During each workshop participants discussed, on the basis of a comparative methodology, various techniques of judicial cooperation, analyzed examples of conflicts of norms and conflicting interpretations thereof by different national courts and their impact on fundamental right protection. Workshops were intended as laboratory of judicial cooperation referring to obstacles and problems that judges may find in their daily practice (different languages, varied judicial techniques and practices, various forms of attachment to national identity).
Each workshop generated pilot proposals that judges may consider in their daily practice. Their findings were included in the Evaluation of each workshop and the comments were taken into consideration when preparing materials for subsequent workshops.
Workshop 1 - Non-Discrimination
Florence, 27-28 May 2013
The principle of non-discrimination is a foundational principle of the EU legal order and the ECHR. Non-discrimination operates both in EU law and in the ECHR on the basis of an exhaustive list of grounds, but in the two systems it guarantees enjoyment of different set of treatments (rights). At the same time, the principle of non-discrimination is laid down in the domestic legal orders of the Member States as a constitutional principle.Consequently, the principle of non-discrimination provides an optimal vantage point to study the instances of judicial cooperation between the three layers of courts, namely: national courts, the CJEU and the ECtHR.
In this area, judicial dialogue (in its different forms) could be seen as useful tool to approach complex cases and to find practical ways of delivering justice for the following reasons:
- The multiplicity of legal sources applicable.
- The different scope of application of these norms.
- The diverse set of fundamental rights concerned. Non-discrimination is a meta-right, which ensures the equal enjoyment of some other right or benefit.
- Inclusion of non-discrimination in the EU Treaties, in the EU Charter of Fundamental Rights and among the EU general principles entails a strong presumption of horizontal direct effect of the principle in the area of EU law.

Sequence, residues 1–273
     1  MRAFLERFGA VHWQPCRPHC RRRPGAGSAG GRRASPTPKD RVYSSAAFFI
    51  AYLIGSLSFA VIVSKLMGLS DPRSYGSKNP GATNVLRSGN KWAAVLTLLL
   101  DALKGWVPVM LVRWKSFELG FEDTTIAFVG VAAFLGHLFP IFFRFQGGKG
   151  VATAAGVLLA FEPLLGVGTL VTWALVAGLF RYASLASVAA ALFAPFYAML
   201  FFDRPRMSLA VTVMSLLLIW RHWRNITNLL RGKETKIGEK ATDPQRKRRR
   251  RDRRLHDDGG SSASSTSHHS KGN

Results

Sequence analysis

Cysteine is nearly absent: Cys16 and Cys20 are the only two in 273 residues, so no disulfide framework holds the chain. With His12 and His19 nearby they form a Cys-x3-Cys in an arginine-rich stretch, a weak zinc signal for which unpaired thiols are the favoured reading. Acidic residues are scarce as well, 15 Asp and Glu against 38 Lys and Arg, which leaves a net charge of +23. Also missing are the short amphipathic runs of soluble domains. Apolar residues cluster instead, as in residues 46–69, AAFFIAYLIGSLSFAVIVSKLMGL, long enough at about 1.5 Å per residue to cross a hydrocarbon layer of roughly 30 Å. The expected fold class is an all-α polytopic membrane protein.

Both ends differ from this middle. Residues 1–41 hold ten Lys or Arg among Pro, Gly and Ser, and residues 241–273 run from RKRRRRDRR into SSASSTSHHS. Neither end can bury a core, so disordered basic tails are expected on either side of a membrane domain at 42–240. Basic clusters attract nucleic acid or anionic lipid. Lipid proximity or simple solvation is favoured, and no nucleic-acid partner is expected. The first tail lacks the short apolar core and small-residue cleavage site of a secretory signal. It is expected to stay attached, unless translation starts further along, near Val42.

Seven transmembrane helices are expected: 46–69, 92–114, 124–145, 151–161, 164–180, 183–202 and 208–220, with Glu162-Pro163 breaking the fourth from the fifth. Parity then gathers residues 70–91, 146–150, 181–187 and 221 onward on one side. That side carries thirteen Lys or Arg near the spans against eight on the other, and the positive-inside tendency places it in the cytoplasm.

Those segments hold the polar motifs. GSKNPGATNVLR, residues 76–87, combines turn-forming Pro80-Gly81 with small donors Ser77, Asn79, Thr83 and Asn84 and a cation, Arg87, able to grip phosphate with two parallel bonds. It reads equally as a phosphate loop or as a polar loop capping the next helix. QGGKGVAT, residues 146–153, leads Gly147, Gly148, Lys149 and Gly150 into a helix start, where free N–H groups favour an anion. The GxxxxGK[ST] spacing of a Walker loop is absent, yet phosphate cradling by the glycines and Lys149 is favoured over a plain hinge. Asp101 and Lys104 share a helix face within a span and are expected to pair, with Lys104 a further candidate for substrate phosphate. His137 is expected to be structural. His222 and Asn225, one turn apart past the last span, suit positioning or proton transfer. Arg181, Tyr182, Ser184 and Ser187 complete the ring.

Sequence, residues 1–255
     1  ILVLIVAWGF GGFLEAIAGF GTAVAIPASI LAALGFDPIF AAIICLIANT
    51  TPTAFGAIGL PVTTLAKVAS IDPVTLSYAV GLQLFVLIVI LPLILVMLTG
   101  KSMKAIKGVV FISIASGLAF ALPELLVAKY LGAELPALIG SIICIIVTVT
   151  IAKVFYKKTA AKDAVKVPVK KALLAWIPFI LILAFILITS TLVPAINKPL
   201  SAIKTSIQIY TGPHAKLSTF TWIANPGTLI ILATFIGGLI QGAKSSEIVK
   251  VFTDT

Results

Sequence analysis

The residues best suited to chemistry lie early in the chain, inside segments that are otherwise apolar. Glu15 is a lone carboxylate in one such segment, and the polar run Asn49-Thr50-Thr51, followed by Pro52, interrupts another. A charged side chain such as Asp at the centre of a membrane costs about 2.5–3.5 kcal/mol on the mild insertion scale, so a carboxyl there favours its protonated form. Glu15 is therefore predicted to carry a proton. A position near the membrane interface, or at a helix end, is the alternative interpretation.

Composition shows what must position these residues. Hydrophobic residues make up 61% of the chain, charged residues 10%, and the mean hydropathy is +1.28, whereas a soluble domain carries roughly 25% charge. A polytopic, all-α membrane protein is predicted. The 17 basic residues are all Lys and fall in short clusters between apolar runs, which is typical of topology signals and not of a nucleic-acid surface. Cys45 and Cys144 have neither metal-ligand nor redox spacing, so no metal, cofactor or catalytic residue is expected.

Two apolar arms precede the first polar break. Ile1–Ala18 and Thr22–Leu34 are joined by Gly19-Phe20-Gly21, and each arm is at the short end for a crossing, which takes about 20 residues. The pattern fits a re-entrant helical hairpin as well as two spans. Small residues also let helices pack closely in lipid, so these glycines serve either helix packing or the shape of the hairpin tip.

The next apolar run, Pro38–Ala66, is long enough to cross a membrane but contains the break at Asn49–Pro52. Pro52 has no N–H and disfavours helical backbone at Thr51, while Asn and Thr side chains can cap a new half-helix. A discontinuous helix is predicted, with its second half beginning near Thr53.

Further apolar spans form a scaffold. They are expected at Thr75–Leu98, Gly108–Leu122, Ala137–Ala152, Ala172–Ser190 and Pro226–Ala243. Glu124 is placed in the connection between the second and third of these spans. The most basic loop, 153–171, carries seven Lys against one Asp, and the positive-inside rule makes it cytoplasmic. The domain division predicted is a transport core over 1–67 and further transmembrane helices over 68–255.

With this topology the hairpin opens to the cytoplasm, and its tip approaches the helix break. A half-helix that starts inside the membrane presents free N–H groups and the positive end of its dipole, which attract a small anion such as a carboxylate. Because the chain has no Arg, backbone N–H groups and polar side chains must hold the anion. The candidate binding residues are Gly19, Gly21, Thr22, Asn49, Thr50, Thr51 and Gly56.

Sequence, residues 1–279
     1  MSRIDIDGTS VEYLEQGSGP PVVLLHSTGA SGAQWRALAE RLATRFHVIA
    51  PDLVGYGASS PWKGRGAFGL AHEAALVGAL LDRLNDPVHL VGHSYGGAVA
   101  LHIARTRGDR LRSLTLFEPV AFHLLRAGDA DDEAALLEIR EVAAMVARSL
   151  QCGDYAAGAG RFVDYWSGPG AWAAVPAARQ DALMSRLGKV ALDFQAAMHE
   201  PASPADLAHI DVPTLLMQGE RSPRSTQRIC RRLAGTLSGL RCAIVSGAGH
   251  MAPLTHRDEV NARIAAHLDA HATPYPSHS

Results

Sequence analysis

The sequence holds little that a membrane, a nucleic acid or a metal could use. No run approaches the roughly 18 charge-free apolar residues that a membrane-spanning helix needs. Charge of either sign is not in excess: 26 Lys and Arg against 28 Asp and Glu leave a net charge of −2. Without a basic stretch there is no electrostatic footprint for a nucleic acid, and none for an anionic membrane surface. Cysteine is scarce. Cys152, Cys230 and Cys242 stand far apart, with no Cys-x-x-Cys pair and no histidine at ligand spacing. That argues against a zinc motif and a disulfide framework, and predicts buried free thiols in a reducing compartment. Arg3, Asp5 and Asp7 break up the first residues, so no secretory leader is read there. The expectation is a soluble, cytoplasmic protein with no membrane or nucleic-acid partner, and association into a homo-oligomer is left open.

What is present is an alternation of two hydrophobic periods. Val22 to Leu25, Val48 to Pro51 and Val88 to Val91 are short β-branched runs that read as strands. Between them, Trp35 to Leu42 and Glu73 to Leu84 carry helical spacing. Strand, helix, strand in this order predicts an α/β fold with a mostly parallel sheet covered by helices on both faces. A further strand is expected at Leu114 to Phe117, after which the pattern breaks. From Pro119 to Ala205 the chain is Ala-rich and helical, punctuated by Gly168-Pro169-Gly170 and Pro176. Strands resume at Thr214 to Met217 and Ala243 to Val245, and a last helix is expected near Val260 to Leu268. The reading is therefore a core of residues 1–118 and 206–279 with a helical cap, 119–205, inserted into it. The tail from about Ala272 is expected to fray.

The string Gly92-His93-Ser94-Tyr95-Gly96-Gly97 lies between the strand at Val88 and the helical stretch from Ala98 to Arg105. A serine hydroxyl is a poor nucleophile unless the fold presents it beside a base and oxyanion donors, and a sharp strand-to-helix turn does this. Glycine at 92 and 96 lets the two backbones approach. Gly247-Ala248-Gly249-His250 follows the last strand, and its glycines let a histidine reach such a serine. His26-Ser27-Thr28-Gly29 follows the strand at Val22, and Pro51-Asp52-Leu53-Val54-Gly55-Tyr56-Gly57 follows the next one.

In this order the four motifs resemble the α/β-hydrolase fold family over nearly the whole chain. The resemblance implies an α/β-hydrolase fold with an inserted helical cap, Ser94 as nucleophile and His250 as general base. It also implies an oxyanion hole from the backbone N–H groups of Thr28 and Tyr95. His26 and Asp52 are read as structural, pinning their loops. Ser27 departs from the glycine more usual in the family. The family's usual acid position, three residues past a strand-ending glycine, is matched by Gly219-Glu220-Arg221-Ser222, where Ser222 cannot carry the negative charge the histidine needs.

Workshop 2 - Fair Trial and Effective Judicial Remedies
Florence, 4-5 October 2013
The right to fair trial has a particularly broad scope, we would like to focus on the most recent and problematic case law in the area of migration and the European Arrest Warrant. Both of these areas provide a substantial context for the right to fair trial, and given the normative and jurisprudential development of past years, they prove to be of particular relevance for individuals in the Member States of the EU.
Workshop 3 - Freedom of Expression
Florence, 31 January - 1 February 2014
Freedom of expression provides a perfect case-study of judicial dialogue oriented substantial right which, unlike non-discrimination, is originated in the national rather than supra-national contexts:
- Freedom of expression operates in a range that is limited on one side by general clauses and, on the other side, by other conflicting rights. This calls for a de-centralized definition of balancing assessments, including proportionality and necessity.
- Freedom of expression is inherently linked with national cultural traditions. The balance struck in a specific case might be deemed inacceptable by different national constituencies. Using deference devices and margin of appreciation supra-national courts have to preserve their authority providing at the same time guidance for future cases.
- Freedom of expression rights often come with a default clause of flexibility, even in domestic law. This multiplies the set of grounds on which exceptions to this right can be based, and the possibility to question these exceptions on grounds of different tests and right-related cultures.